Friday, January 29, 2010

Cowboy Breakfast

The San Antonio Rodeo is kicking off this week, beginning with the 32nd Annual Cowboy Breakfast.  The event holds the Guinness World Records for Largest Free Breakfast and Largest Coffee Event.  Only in San Antonio will thousands of people brave cold and rain for free tacos.

St. Phillip's College Culinary Arts program receives a $20,000 scholarship from the event.  In return, our Chef-Professors encourage volunteering to help prepare the food.  Since my day job doesn't involve wearing a hairnet, I took the opportunity to get more experience in food service.

Long post guys, courtesy of lots of pictures from my iPhone, mySA, and WOAI.  

My day at the Cowboy Breakfast started at 2am at one of the grills used to warm up some of the 150,000 tortillas. I worked with a family of a father, three daughters (Mariah, Erica, and Mandy, left to right), and one boyfriend (Jeremy) there.  The girls were really cute and had a great relationship with each other.  They reminded me of me and my sisters, which started my day off on a really good note.

We received logo bandanas for volunteering and Jeremy took the opportunity to transform to "The Tortilla Bandido."

Unfortunately, about two hours into it, Erica got really bad burns on her hands after a stack of tortillas fell on her.  This job is dangerous, folks! So they all left to take her to the hospital.  I love the way they all banded together to see to her safety and I know I would have done the same thing. I don't know how she's doing, but I hope for the best.

When the family left, the grill was taken over by culinary students.  On my half of the grill was Genado, who was awesome to work with.  Really efficient and had a good humor.  The other half was very disorganzied and had a bunch of people who obviously didn't care about being there and it showed in their work ethic.  I'm glad none of them are in my classes right now.

Intermittently, the sky would open up and we would have a downpour for a little while. There was a leak in the tent in a place perfect to drip on my shoulder.  It didn't take much to start a river underneath our feet.  When we happened to drop a tortilla, it almost immediately floated away to somewhere else in the tent. 

One of the guys at that end of the grill was interviewed by a couple different reporters and I might have ended up on WOAI this morning.   I'm the face in the very top left corner in this WOAI picture.  Does this count towards my two seconds of fame? 

After that, my Chef pulled me off tortillas to work the filling for the chorizo and egg tacos.  There were a few other guys at that grill that were hilarious.  One was making up his own theme song.  They were really fun to work with.  But, I am ashamed to say, the old cowboys working the grill next to us showed us up.  They worked like they had been doing this for thirty years.  Who knows, they probably have.

There were a couple guys there that were very interesting characters.  The first was Herb who sported an eye patch handsomely.  He was kind of our supervisor at the tortilla station.  He reminded me a lot of some of my uncles.  Then there was Dickie who was responsible for keeping the fire going and providing all the grills with hot coals.  I love this picture of him from  The best part is the reflection of the bonfire in his glasses.  Both he and Herb had the weathered leather-looking skin that comes from years of long days working outside. They were perfect caricatures of a classic cowboy, but still uniquely themselves.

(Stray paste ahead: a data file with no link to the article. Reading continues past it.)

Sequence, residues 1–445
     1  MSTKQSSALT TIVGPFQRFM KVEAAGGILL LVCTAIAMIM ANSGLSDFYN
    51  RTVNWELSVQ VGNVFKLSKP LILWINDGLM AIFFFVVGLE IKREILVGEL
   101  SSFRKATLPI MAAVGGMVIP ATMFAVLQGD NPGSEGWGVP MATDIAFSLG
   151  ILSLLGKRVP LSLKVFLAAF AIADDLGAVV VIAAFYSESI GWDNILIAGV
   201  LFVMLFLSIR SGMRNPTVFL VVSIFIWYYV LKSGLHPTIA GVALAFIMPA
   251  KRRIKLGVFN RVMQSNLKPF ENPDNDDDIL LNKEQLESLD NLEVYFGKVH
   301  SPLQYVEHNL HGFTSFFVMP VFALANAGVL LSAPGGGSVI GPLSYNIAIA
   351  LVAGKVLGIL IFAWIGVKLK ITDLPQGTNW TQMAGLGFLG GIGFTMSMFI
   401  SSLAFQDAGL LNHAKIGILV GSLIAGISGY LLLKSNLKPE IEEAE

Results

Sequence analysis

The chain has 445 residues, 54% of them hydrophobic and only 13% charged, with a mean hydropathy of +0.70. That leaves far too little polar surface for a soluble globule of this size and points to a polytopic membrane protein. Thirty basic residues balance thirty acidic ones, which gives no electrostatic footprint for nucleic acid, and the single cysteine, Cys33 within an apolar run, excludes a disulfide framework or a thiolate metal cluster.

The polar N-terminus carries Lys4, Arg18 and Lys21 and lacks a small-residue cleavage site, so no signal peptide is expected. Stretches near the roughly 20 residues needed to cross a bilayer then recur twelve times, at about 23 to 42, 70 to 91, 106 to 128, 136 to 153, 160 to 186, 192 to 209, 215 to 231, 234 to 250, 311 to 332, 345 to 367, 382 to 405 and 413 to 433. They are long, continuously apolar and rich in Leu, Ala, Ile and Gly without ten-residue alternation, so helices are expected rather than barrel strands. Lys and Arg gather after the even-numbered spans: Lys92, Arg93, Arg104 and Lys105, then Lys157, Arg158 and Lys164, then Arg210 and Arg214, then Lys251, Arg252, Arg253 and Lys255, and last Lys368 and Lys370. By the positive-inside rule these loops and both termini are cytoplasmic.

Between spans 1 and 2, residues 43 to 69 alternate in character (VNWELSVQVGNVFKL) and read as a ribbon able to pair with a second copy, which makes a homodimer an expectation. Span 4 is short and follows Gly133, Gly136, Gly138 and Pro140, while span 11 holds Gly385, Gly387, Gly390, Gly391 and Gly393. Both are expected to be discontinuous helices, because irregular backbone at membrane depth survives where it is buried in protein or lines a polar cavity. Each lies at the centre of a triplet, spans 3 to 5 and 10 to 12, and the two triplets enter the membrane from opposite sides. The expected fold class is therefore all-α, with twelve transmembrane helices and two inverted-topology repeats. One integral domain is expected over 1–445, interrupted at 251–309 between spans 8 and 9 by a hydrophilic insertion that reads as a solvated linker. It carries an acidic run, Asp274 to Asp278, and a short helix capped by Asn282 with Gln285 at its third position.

I had a blast. I a lot of expectations and hopes for the event, but I wasn't disappointed.  I haven't done much volunteer work like this since college, and I'm really glad I did.  A lot of the guys took breaks to chow down tacos, but I kept going.  Even after being there for five hours on my feet I was pumped.  It might have something to do with the two Red Bulls I had, but I think the adrenaline of it all was the real reason.  Even now, reliving it, I feel like jumping around or dancing.  Or doing it all over again.

I love being in my chef's coat.  Similar to putting on a uniform or costume, it changes my persona.  I love how easily I can direct people and how most people respond positively to my direction.  Even a week into my kitchen class, the other students look to me for instruction, and I'm a newbie just like them!  It's a leadership style works better in this format than it does at my day job.  My classes and experiences like this are great outlets for me, and I gain so much from them.

This was a great way to start the day.


Amanda said...

This is awesome! One of these years I want to make it down to the breakfast. Did you ever get anything to eat? I'm going to watch for you on WOAI tonight!

Ann said...

It was in an area of town you don't like driving to, but a lot of the patrons were enjoying themselves.

I'm not big on meat in the morning or breakfast tacos, so it wasn't my thing. The guys who did break to eat weren't very complimentary of the food. But for free, most people don't complain. Usually I find free food isn't worth it.

Amanda said...

Aw that's too bad. I like breakfast tacos a lot if they're made well. I always heard the food at the cowboy breakfast was supposed to be real good.